“The Interview” Has Made Nearly Seven Times More Online Than At The Box Office

The Interview now ranks as Sony Pictures’ top-grossing film online, according to a release from the studio. But with a reported $44 million budget — a figure revealed via the massive hack of the studio that plunged The Interview into this highly unusual release pattern in the first place — the movie still appears to have a long road ahead of it before it could be profitable for Sony.

Since debuting online on Dec. 24, The Interview has grossed over $31 million in on-demand revenue. It’s been downloaded and rented 4.3 million times, according to the release. The rule of thumb for most theatrical releases is that a movie has to gross roughly double its production budget in order to become profitable, since over time, movie theaters keep about 50% of all ticket sales. The financial structure of VOD releases in general, however, remains much murkier — it is rare, in fact, for a studio to reveal any numbers at all for its VOD releases.

But even if VOD distributors kept 25% of total sales, The Interview would need to make nearly $60 million in order to make a profit on VOD alone. The film’s limited theatrical release certainly isn’t helping much — since opening Dec. 25, the film has grossed $5 million. And then there are marketing costs, which for major releases can equal or exceed The Interview‘s entire production budget.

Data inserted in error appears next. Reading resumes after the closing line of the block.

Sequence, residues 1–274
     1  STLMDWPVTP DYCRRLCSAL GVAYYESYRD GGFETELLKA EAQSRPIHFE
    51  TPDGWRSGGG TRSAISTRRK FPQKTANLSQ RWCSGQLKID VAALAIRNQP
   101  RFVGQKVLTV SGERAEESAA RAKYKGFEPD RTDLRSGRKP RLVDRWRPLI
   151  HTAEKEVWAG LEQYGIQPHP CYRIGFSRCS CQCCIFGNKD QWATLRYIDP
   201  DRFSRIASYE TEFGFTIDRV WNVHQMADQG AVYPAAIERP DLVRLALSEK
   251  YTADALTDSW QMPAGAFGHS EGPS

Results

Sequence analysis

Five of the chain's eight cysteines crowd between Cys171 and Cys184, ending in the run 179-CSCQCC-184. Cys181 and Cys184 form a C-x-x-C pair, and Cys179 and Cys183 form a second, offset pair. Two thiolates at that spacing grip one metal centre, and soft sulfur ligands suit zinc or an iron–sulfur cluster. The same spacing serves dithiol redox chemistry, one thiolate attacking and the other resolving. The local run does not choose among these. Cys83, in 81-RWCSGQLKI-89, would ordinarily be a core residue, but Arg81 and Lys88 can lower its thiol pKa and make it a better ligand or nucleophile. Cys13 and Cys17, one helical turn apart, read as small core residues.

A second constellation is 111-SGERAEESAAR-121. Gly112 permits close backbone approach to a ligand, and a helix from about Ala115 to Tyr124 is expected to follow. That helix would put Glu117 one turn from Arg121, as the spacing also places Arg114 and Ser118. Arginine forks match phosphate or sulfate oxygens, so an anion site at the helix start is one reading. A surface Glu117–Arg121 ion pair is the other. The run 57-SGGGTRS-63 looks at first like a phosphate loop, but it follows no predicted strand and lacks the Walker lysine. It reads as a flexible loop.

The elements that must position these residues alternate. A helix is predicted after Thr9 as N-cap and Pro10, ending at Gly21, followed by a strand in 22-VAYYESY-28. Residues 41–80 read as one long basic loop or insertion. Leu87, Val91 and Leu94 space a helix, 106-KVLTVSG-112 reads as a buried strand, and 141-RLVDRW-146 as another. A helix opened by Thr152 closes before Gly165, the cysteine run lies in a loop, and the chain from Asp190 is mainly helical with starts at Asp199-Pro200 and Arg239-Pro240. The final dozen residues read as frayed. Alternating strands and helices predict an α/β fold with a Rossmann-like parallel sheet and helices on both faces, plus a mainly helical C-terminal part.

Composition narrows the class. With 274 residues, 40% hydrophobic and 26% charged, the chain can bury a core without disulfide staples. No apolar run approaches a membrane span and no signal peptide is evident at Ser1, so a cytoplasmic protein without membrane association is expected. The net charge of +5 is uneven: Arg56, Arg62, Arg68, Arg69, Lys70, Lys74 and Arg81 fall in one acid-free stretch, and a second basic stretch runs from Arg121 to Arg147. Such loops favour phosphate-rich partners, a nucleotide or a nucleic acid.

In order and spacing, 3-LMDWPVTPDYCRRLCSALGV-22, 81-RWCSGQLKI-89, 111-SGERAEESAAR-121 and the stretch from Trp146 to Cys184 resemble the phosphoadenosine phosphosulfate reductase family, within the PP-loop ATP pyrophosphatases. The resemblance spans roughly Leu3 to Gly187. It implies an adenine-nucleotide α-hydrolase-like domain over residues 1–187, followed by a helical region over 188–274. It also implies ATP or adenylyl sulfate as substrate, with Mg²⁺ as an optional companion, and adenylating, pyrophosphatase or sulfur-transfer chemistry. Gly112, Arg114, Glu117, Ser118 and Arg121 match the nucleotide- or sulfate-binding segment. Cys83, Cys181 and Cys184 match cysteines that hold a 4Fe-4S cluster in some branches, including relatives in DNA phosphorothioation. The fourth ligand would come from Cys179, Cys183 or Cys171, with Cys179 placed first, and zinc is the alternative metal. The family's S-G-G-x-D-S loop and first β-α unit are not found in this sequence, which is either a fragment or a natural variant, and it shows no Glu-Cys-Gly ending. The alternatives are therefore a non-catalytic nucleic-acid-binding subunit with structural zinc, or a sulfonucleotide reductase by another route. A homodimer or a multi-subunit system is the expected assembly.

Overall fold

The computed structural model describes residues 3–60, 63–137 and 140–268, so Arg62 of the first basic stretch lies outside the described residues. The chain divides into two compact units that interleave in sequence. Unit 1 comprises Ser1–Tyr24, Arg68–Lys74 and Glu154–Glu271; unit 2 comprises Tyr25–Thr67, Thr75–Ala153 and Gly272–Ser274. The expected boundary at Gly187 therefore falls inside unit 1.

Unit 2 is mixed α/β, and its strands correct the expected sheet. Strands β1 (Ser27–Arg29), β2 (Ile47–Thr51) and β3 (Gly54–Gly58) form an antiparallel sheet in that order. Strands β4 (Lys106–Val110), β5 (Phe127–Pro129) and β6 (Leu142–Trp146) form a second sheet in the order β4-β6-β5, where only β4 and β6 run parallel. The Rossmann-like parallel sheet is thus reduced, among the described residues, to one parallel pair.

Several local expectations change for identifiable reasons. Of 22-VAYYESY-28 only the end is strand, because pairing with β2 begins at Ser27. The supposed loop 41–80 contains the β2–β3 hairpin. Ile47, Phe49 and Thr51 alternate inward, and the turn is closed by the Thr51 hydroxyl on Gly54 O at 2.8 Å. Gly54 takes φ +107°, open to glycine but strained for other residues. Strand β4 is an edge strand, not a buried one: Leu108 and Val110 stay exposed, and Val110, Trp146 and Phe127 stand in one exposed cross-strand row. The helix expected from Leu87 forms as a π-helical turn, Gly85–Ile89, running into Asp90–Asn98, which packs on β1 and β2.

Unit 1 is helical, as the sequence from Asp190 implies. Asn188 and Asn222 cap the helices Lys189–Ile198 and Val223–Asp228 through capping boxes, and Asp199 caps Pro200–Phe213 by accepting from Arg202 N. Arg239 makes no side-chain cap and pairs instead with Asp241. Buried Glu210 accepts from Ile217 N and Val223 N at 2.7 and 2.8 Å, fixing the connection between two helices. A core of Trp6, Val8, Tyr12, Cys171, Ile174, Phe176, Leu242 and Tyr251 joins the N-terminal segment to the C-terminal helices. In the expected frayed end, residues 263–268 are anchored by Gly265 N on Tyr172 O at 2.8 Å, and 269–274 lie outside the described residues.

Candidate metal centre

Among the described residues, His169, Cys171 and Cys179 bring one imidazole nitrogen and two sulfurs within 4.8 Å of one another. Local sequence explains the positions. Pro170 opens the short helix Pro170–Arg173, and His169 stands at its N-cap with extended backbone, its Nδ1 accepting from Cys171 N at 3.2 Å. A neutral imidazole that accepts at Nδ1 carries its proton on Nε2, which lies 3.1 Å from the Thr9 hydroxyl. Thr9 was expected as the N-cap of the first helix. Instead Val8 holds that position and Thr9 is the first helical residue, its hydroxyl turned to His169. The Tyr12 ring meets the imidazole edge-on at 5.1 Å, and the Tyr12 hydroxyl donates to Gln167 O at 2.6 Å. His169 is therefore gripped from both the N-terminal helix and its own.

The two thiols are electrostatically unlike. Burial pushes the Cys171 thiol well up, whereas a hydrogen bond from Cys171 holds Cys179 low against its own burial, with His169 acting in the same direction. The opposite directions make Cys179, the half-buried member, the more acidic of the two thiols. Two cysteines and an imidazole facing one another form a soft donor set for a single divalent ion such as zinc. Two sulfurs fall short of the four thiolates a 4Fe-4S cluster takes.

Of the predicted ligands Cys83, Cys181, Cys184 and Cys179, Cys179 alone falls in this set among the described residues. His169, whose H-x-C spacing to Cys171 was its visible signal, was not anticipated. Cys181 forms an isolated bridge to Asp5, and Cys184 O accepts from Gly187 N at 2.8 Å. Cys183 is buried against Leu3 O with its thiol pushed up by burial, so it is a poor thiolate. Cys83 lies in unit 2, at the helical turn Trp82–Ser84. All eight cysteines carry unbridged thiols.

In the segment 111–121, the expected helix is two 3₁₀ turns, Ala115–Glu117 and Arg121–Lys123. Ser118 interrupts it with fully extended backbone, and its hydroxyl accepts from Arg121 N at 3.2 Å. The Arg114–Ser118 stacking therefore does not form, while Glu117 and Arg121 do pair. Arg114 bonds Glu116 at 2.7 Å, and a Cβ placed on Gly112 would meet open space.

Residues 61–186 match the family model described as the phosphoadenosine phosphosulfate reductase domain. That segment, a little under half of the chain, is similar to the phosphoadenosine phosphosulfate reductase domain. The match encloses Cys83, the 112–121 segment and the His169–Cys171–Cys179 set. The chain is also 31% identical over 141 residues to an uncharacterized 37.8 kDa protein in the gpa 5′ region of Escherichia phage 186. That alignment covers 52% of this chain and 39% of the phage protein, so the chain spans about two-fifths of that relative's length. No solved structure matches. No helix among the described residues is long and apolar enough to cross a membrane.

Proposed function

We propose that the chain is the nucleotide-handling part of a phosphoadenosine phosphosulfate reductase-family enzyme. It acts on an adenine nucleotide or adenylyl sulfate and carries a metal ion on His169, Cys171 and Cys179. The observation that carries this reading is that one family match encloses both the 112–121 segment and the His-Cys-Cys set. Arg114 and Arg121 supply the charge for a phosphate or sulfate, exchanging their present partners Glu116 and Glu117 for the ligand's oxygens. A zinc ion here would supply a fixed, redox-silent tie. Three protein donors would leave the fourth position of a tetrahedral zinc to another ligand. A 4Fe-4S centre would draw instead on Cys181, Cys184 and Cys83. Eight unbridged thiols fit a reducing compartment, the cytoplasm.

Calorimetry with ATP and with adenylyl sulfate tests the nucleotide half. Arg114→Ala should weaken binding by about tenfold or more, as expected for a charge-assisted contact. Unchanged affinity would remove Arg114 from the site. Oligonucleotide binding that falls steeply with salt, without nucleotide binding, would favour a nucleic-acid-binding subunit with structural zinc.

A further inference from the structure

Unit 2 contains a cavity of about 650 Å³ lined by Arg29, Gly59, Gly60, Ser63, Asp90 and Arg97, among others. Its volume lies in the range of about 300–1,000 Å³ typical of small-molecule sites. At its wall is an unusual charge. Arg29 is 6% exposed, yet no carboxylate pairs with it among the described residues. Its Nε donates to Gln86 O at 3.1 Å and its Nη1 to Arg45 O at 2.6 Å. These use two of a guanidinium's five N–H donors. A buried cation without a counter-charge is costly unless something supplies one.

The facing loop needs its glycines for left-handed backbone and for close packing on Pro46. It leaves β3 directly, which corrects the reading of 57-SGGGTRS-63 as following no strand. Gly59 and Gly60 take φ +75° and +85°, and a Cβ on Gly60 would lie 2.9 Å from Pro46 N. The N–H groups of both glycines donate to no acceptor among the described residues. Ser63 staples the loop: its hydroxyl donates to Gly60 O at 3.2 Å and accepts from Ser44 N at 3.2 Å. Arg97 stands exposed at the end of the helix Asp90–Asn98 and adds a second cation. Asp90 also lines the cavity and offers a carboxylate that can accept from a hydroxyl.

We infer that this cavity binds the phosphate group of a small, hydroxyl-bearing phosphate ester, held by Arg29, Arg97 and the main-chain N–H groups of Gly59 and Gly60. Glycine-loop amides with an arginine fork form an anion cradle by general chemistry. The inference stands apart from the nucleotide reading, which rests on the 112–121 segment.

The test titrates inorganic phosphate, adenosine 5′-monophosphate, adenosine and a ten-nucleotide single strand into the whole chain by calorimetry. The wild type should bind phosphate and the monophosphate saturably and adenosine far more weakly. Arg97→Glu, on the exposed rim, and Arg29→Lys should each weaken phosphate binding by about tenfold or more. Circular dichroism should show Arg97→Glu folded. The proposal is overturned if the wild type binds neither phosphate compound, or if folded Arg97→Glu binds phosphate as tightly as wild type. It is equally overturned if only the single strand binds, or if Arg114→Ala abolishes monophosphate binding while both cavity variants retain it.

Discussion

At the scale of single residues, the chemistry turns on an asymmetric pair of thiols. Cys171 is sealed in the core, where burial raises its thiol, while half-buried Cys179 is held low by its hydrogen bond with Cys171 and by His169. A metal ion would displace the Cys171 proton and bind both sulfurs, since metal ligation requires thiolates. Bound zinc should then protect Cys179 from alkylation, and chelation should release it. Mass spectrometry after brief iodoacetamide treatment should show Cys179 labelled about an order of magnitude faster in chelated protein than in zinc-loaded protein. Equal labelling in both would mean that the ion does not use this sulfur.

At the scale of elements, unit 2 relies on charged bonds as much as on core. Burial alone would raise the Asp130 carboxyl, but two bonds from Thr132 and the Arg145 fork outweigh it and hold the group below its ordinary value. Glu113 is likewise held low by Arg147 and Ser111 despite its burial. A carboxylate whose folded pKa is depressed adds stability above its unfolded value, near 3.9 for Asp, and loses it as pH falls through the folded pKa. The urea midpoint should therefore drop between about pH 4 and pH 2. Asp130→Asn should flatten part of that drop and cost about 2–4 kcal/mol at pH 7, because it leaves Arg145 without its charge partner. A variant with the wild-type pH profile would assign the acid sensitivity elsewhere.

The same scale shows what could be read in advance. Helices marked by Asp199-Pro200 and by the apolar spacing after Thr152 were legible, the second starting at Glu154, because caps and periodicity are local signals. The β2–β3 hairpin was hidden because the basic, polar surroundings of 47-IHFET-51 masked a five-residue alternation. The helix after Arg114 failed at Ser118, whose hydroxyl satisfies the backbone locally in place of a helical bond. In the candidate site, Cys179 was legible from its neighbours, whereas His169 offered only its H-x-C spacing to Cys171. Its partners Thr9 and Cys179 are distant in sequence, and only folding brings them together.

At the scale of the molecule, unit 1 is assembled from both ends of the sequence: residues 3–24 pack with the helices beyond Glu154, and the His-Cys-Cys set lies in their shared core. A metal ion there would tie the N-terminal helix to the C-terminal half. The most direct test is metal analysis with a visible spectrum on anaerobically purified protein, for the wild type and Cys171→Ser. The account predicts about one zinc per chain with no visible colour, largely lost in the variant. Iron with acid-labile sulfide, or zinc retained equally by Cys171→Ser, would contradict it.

The news of The Interview‘s VOD grosses is much less complicated, however, for theater owners: It’s terrible. For years, exhibitors have successfully fought every attempt by major studios to erase the window between a movie’s theatrical run and its availability at home. The circumstances surrounding The Interview‘s release are one of a kind, and there is no guarantee another studio film could make six times on VOD what it makes in a limited run in theaters. (One interesting calculation: The per-unit average for The Interview‘s VOD grosses to date is $7.21, which is 91 cents less than the average movie theater ticket price in 2014.)

Still, this is exhibitors’ nightmare scenario. For the first time, a major studio movie will gross more money — much more money — in a first-run digital release than it makes in theaters. With ticket sales at their lowest in at least 19 years, that has got to make theater owners nervous as hell.

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